Journal Article

<i>In Vivo</i> Measurement of Fine and Coarse Aerosol Deposition in the Nasal Airways of Female Long-Evans Rats

James T. Kelly, Carol M. Bobbitt and Bahman Asgharian

in Toxicological Sciences

Volume 64, issue 2, pages 253-258
Published in print December 2001 | ISSN: 1096-6080
Published online December 2001 | e-ISSN: 1096-0929 | DOI:
In Vivo Measurement of Fine and Coarse Aerosol Deposition in the Nasal Airways of Female Long-Evans Rats

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  • Medical Toxicology
  • Toxicology (Non-medical)


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Experimental data on fine and coarse aerosol deposition in the nasal airways of animals are essential in appropriately using toxicological studies to assess the potential risk to human health from exposure to airborne pollutants. However, such data are scarce. The objective of this study was to determine aerosol deposition efficiencies for the nasal airways in Long-Evans rats for particles with diameters ranging from 0.5 to 4 μm. Polystyrene latex (PSL) microspheres in steady-state and pulsatile flows were passed through the nasal airways for simulated inspiratory and expiratory scenarios. Average flow rates ranged from 220 to 640 ml/min. Deposition increased sharply with increasing particle inertia for all exposure scenarios. Expiratory deposition efficiency appeared to be somewhat higher than inspiratory deposition efficiency for both steady-state and pulsatile flow conditions. Pulsatile flow yielded significantly higher deposition than steady-state flow. This result emphasizes the importance of considering fluid accelerations inherent in normal breathing when determining aerosol deposition that is dominated by inertial impaction. Variability in the data, which was suspected to result primarily from the difficult surgical procedure, was in excess of expected intersubject variability. The results of this study will be incorporated into extrapolation-modeling and risk-assessment activities for inhaled pollutants.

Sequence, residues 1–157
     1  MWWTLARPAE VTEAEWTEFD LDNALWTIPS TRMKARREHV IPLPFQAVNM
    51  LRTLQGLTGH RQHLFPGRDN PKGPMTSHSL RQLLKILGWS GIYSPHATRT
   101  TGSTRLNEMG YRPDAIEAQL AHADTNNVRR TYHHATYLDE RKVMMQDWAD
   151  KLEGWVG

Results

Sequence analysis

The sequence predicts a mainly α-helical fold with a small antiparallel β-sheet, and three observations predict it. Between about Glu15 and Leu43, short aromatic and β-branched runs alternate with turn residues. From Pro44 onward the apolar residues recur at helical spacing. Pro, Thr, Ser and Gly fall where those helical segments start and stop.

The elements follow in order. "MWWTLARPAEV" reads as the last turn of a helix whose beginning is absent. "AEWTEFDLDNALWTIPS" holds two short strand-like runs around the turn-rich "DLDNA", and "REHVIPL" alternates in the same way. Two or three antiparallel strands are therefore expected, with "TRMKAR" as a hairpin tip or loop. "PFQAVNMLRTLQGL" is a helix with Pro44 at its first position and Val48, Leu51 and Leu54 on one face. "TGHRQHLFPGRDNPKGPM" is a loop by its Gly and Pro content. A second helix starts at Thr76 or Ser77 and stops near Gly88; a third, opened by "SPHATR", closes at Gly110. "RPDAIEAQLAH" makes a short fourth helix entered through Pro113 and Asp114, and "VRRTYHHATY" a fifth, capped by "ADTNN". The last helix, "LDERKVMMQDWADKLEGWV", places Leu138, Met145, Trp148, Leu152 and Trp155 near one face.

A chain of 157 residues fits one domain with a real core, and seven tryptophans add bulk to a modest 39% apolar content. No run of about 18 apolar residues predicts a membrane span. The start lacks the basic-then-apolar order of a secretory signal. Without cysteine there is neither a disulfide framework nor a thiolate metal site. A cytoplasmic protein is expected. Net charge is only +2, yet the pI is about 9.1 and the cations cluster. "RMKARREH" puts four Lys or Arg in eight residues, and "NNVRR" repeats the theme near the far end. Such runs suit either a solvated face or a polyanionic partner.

Keywords: Long-Evans rats; deposition efficiency; nasal airway; impaction; in vivo deposition

Journal Article.  4717 words.  Illustrated.

Subjects: Medical Toxicology ; Toxicology (Non-medical)

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